Rhodes, in contrast, was described this way in Charlie Sifford’s autobiography Just Let Me Play: “Although he tried a couple of times to break into the PGA Tour, [Rhodes] was just too nice a guy and too much a gentleman to fight and scratch for his constitutional right to play. Teddy didn’t want any of that pushing and pressing that it took to break into the game. It was contrary to his nature.”

All the while, Rhodes continued to play exceptional golf. In 1948, he won multiple times on the UGA, traveling between events in a Buick that Joe Louis had bought him.

Amidst his lawsuit against the PGA, he qualified for the U.S. Open at Riviera Country Club and posted an opening round of 70, which was good enough for T-5. He made the cut with a second-round 76, and ended up T-51 for the tournament. Rhodes had competed against the best, and he had acquitted himself well.

In 1952, Rhodes was invited to try to qualify for the Phoenix Open alongside Sifford and Eural Clark. That’s when the group found human feces in the cup on the first green.

Rhodes refused to get angry. He once told Maggie Hathaway of the L.A. Sentinel, a Black-owned weekly newspaper, that “to get angry was the equivalent of losing your game.” Hathaway added, “Getting angry made him so nervous that sometimes he drew his putter back and couldn’t bring it forward.”

At the Phoenix Open, Rhodes was the only one of his group to qualify for the tournament, and he fired a first-round 71 and made the cut. It was one of 69 PGA events Rhodes competed in and one of 20 cuts he made.

Rhodes played professional golf until a kidney ailment sapped him of his energy. He returned to Nashville, where he gave guidance to many Black golfers and received visits from the likes of Joe Louis; Lee Elder, whom Rhodes mentored for three years in L.A.; and Althea Gibson, the five-time Grand Slam-winning tennis player who, incredibly, was also the first Black golfer on the LPGA Tour.

When the PGA of America abolished its whites-only barrier in 1961, Rhodes was 48 years old and well past his prime. The Senior Tour wasn’t established until 1980, when Rhodes, if he had lived that long, would have been 67. As Sifford put it in his book, “Poor Teddy just came along 20 years too soon to be a black man in professional golf.”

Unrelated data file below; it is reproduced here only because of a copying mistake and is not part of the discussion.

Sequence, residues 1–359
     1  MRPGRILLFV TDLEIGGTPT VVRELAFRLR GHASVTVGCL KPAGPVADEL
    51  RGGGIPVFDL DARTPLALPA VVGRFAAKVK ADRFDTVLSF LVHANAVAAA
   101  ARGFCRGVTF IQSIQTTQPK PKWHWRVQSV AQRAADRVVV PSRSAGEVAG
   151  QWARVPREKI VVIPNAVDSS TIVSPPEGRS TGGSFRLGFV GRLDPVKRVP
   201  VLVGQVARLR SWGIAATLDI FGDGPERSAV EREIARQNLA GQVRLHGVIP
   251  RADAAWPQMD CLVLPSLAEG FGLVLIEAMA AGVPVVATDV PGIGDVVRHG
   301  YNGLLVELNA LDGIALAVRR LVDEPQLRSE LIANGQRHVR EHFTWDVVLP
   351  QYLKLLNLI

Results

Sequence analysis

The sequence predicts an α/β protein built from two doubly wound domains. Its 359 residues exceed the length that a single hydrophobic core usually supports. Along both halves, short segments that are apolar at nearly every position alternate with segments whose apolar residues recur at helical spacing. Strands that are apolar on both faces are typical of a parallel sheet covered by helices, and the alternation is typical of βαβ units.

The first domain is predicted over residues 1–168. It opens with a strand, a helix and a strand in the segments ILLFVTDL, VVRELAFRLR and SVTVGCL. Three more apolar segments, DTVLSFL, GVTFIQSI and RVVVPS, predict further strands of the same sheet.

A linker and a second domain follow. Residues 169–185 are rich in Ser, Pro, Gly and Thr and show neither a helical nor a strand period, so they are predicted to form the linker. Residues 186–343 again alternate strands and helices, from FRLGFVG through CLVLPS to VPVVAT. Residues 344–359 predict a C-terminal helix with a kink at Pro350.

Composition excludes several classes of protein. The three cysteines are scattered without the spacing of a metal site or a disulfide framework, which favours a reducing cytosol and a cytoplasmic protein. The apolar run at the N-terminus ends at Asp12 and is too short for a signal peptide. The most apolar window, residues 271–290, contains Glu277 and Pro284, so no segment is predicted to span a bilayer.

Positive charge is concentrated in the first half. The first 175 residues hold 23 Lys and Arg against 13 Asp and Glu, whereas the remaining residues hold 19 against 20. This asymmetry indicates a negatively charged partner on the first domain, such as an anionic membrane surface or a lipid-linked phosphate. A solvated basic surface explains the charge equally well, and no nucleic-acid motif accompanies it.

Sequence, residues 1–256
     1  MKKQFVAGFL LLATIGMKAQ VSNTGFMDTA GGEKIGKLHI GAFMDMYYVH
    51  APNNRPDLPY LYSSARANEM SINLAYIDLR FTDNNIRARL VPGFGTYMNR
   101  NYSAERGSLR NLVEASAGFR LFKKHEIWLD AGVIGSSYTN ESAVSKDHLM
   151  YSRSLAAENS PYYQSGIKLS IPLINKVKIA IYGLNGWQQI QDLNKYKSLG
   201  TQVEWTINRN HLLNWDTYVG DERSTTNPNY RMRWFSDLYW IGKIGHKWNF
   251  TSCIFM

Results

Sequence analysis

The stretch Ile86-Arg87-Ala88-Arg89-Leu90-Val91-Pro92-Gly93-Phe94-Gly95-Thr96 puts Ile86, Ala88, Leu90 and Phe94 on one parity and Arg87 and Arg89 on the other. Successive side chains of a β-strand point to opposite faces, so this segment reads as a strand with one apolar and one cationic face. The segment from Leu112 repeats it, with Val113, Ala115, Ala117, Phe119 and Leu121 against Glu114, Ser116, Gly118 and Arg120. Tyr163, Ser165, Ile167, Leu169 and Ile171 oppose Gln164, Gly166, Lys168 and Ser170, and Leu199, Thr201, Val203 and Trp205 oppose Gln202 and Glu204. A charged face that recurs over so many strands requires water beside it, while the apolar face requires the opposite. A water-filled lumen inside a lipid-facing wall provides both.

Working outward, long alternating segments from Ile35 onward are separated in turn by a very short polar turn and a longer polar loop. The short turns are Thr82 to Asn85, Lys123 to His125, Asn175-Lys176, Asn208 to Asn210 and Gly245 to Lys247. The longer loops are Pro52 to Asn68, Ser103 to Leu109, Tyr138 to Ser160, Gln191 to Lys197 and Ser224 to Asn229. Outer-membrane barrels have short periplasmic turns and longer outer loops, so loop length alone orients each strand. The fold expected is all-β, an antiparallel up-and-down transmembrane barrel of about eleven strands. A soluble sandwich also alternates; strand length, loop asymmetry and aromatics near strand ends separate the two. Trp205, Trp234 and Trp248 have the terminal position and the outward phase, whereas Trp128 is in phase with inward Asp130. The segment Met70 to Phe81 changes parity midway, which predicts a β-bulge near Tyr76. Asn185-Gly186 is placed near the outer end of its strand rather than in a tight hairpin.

Rhodes died of kidney disease at the age of 56 on July 4, 1969.

Ted Rhodes’s legacy is much like the man himself: quiet, persistent, and deeply rooted in his hometown.

Two months after he died, Cumberland Golf Course in Nashville, Tennessee, was renamed Ted Rhodes Golf Course. Sitting on the banks of the Cumberland River, Ted Rhodes GC was the fourth municipal golf facility built in Nashville, and the only one that served Black players. These days, it is the home of the Duffers Golf Association, which hosts an annual fundraiser for a sickle cell anemia charity and supports Meharry Medical College, a historically Black medical school in Nashville.

In 1994, Rhodes’s daughter started the Ted Rhodes Foundation, which works to maintain his legacy and promote minority golf at the local level.

“You know, even a lot of people in the Black community don’t know about his accomplishments,” says Tiffany White, the current CEO of the foundation and Rhodes’s granddaughter. “We want to move the game forward with more minority golfers. Each year we host two tournaments, one in Nashville and one in Chicago for adults and youth. We partner with local HBCU, Fisk University. [The foundation] donated $3,000 to their golf program. And we partner with the First Tee of Nashville to give children of all races more opportunity to compete.”

Such is the long-range impact of Rhodes’s life. He didn’t solve racism in golf—who could? But he did persist in his excellence, helping others when he could, and clearing the way so that Black golfers after him could have it better, even if marginally.

Yet treating this as a happy ending would be glib. There’s no silver lining in the fact that Rhodes began and ended his competitive career in a system that relegated him to second-class status. What might he have accomplished if professional golf hadn’t been rigged against him? If there hadn’t been a rule to keep him out, but one to let him in?

The institutions of golf shouldn’t be satisfied simply not to exclude; they should be proactive in the efforts to include. That’s why the recent gains made by the Advocates Pro Golf Association are so encouraging. The APGA Tour, which seeks to give playing opportunities to minority golfers, now receives two exemptions per year into the PGA Tour’s Farmers Insurance Open in San Diego.

The Farmers Insurance Open began as the San Diego Open in 1952. That year, Bill Spiller and Joe Louis had been invited to play, but they were ejected from the event by the PGA of America. Three weeks ago, in the same event in which a rule prevented Black professionals from playing, another rule is now being used to include them.

Shawn Allen holds an M.A. in American History, Post-1865, with an emphasis on the Modern Civil Rights Movement, and lives in Nashville, Tennessee, where he teaches U.S. History and Research Skills.